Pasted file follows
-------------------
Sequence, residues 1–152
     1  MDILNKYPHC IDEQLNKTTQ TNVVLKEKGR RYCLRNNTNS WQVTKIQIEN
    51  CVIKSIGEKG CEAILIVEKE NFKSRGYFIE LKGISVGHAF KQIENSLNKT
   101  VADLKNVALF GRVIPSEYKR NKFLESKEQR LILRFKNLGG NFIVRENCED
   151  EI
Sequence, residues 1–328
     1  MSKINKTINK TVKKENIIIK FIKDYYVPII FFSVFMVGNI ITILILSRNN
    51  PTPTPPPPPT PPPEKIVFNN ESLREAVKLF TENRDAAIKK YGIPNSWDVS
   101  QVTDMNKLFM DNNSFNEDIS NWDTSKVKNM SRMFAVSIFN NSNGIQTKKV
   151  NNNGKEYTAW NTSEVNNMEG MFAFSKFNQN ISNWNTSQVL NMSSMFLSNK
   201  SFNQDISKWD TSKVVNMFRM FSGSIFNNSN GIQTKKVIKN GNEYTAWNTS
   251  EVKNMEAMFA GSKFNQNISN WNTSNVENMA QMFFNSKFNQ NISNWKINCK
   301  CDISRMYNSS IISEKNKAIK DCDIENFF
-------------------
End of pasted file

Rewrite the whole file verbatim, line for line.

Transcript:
Sequence, residues 1–152
     1  MDILNKYPHC IDEQLNKTTQ TNVVLKEKGR RYCLRNNTNS WQVTKIQIEN
    51  CVIKSIGEKG CEAILIVEKE NFKSRGYFIE LKGISVGHAF KQIENSLNKT
   101  VADLKNVALF GRVIPSEYKR NKFLESKEQR LILRFKNLGG NFIVRENCED
   151  EI
Sequence, residues 1–328
     1  MSKINKTINK TVKKENIIIK FIKDYYVPII FFSVFMVGNI ITILILSRNN
    51  PTPTPPPPPT PPPEKIVFNN ESLREAVKLF TENRDAAIKK YGIPNSWDVS
   101  QVTDMNKLFM DNNSFNEDIS NWDTSKVKNM SRMFAVSIFN NSNGIQTKKV
   151  NNNGKEYTAW NTSEVNNMEG MFAFSKFNQN ISNWNTSQVL NMSSMFLSNK
   201  SFNQDISKWD TSKVVNMFRM FSGSIFNNSN GIQTKKVIKN GNEYTAWNTS
   251  EVKNMEAMFA GSKFNQNISN WNTSNVENMA QMFFNSKFNQ NISNWKINCK
   301  CDISRMYNSS IISEKNKAIK DCDIENFF